My two-year old Slantfin Boiler won't heat the house above 65 degrees, and it's
usually at 60 degrees. It'll come on and off randomly for short periods of time
(as short as one second) and over a long period of time, it may bring up the
temp to 65. As another example, I had the (new) thermostat, which my oil
company replaced saying that was the problem, up to 72 overnight and into the
day, and the temp in the house is still 60 degrees. I have also left the
thermostat pegged on high for two days with the same result. The company who
installed the boiler doesn't, for some reason, believe that this problem exists,
because when they came, the house was "warm" i.e. 65 degrees! and the gauges on
the boiler were up to the correct pressure. I have obviously severed business
relations with them, but I still have the problem. Any ideas what might be
I assume this is a hot water / radiator heating system (something
utterly unfamiliar to me, as all I've ever known is forced air natural
I would assume that the efficiency of your radiators are the problem,
and that measuring the temperature difference of the pipes that enter
and exit each radiator will tell you just how much heat that each one is
dumping into the surrounding air.
Assuming that the temperature of the pipes that enter the radiators is
high enough (I have no idea what that temperature should be - probably
150 degrees, certainly higher than 100) then I suggest you have a few
small fans blow air across each radiator to increase heat transfer into
the surrounding air.
Well, when the heat is on, they are quite hot all over. The problem is getting
the boiler to go on and run for a long enough period to heat. I just sat here
very chilly for about two hours - the boiler went on for a second or two twice.
Now it is beginning to kick in, but it still only stays on for maybe 20-30
seconds. Sometimes it does run for 15 minutes, but not usually.
Maybe you need to clean or replace the flame Sensor and/or logic card.
Newer units usually have a trouble light on the control card that gives
a blink code.
I doubt that anyone installed a unit that was too small for the building.
Then again maybe it just doesn't like you! ;-p
It is hardly too strong to say that the Constitution was made to guard
the people against the dangers of good intentions. There are men in all
Sounds like you've got a modern, "high efficency", unit. Among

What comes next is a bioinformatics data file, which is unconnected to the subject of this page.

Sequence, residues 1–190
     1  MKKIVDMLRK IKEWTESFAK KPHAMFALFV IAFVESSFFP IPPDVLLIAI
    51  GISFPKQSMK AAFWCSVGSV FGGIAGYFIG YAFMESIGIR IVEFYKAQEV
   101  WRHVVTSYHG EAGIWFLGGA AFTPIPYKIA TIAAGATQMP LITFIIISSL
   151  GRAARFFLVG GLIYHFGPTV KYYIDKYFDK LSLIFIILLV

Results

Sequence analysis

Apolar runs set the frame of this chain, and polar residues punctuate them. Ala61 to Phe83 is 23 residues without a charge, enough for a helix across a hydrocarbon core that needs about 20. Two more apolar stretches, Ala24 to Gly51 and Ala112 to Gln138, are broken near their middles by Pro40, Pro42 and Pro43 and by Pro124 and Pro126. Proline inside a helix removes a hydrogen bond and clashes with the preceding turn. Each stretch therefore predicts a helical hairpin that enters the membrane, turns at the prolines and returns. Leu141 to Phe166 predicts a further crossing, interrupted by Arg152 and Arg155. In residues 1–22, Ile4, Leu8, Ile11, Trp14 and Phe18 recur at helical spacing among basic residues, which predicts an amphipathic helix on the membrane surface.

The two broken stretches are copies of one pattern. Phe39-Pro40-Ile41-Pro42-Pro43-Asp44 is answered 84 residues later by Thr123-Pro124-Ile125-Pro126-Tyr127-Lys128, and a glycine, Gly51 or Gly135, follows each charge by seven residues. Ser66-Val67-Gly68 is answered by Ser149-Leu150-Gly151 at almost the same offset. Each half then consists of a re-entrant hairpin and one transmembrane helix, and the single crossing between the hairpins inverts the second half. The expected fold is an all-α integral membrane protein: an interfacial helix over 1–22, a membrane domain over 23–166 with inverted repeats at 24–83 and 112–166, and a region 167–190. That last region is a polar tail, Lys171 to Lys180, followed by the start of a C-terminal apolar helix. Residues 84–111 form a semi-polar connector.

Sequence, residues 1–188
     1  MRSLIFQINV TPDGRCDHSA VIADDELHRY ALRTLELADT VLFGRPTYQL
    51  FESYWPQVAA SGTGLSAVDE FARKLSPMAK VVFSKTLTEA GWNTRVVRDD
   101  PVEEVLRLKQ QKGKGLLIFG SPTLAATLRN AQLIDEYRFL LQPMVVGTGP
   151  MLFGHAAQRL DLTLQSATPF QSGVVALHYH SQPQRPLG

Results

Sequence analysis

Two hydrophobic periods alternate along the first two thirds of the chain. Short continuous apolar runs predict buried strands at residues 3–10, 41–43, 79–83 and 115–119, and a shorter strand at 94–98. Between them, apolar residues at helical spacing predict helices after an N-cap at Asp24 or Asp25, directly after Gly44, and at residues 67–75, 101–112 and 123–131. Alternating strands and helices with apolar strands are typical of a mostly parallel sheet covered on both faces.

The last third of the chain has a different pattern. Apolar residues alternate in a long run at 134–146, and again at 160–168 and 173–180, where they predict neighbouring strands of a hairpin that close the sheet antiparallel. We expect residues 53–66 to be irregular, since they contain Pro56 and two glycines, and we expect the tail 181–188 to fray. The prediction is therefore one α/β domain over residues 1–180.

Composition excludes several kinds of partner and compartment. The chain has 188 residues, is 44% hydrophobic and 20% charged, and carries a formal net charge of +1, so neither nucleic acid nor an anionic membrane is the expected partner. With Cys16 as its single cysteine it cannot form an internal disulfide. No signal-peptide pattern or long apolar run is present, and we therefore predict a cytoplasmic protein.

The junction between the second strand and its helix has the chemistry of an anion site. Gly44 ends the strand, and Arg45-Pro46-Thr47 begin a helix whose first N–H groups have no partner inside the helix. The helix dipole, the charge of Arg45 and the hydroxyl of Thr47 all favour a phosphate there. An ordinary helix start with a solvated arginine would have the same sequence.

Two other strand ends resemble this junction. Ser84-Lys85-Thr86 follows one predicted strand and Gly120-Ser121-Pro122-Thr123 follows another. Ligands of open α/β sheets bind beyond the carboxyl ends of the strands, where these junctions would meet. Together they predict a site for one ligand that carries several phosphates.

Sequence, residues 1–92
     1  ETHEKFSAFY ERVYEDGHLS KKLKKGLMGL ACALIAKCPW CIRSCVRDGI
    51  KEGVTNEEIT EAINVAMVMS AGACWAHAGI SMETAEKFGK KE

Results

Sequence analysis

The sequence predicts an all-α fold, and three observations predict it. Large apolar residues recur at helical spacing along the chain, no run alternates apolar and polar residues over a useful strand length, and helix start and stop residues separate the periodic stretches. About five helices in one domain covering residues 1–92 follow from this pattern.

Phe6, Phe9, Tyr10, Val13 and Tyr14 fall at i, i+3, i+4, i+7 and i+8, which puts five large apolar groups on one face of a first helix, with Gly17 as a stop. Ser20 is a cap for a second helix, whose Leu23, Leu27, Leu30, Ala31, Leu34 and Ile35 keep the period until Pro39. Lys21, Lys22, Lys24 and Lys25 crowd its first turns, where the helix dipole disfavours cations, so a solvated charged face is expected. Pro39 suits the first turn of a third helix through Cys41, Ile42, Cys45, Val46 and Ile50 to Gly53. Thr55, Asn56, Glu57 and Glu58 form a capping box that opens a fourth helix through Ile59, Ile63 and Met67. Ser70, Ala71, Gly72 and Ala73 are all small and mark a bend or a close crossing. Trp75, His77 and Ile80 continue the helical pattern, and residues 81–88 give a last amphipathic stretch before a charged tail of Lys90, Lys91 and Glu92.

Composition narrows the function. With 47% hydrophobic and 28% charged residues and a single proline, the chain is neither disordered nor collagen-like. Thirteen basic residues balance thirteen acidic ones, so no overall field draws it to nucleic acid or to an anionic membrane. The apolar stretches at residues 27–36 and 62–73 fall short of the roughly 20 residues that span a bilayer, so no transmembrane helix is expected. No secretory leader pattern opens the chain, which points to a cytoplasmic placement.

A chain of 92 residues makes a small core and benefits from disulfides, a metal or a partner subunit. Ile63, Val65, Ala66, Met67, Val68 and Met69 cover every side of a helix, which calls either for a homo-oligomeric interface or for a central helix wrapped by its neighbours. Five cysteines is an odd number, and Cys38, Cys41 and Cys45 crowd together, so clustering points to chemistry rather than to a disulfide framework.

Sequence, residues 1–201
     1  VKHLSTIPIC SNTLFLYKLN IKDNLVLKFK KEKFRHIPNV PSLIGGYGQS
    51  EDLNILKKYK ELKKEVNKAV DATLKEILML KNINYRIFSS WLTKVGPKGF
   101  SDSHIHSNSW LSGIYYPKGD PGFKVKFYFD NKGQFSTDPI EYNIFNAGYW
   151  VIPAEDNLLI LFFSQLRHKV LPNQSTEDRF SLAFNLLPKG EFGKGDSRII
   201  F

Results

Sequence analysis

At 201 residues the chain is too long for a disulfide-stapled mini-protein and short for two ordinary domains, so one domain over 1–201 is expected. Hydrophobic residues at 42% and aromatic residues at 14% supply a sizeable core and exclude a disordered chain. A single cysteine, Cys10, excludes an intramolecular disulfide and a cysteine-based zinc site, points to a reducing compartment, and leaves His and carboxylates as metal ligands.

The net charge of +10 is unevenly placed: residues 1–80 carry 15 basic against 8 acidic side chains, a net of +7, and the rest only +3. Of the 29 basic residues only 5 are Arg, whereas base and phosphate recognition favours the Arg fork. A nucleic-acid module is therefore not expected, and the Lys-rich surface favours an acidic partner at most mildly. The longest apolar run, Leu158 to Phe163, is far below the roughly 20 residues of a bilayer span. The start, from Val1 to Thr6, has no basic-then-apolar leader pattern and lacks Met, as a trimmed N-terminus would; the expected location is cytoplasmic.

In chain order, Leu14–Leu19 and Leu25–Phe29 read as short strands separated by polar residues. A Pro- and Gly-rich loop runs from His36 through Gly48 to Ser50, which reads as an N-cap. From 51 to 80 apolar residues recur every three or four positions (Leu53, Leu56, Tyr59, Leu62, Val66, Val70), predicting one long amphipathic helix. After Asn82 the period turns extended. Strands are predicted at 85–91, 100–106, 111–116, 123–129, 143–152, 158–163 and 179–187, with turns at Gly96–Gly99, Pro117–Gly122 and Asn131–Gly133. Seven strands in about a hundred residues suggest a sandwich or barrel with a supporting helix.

other features, these measure the outdoor temperature
and compare it to indoors, and adjust the flame size
(and plenty of other things).
We had a similar situation with a different brand, and
it turned out to be a mis-setting of the outdoor sensor.
This was a new installation by the local Licensed, Insured,
and Professional HVAC rep, so he had missed it.
When he came by he scratched his head, then called
the distributer, who didn't even have to listen
to the whole speach, but told him right away what
Once he knew what to do it was just a couple of minutes
Knowledge may be power, but communications is the key
Any chance that if people like me reply to your post that you will follow up
with more information etc?
Did they just replace the boiler 2 years ago, or is it a whole new heating
system including the radiators etc. that were put in?
If they just replaced the boiler, do you know what the BTU rating of the old
boiler was? What is the BTU rating of the new boiler?
If they also put in all of the piping etc. do you know if it a 1-pipe series
system, a 2-pipe reverse return system, etc? Is the whole house cold or
just the parts of the house that are farther from the boiler?
Were you in the house prior to 2 years ago? If so, was it warm then.
How big in the house, what style (1-floor, 2-floor, ranch, cape cod, etc),
My old boiler was ancient - 50 year old, big. Then it puffed back and wrecked my
house. Anyway, I only replaced the boiler and the pipes leading into it. It
used to work fine (the new one). Although my ex-boiler guy insisted that the on
and off operation is normal, I really think it's important. I would say the btu
rating is less for the new boiler, but I don't know and I don't know what the
old one was. I've lived here for 13 years and it is a tiny house - 810 sq.ft.
one floor. Mostly new windows and insulation. The whole house is cold and I have
no idea about the piping. The weird thing is that it got my house up to 70
yesterday, for the first time in a long while. Today, it won't get going.
Thanks. That helps a lot. Now that it is clear that this new heater used
to work fine, but now is having a major problem getting the house to heat
up, that eliminates issues such as poor heater design, inadequate BTU's in
the "new" heater, etc.
Unfortunately, I don't know enough about heaters to be able to say what the
specific problem is or could be, but maybe others here do now that they have
The heater coming on and off is called "short-cycling", I think. A good
HVAC person should be able to figure out why your specific unit is doing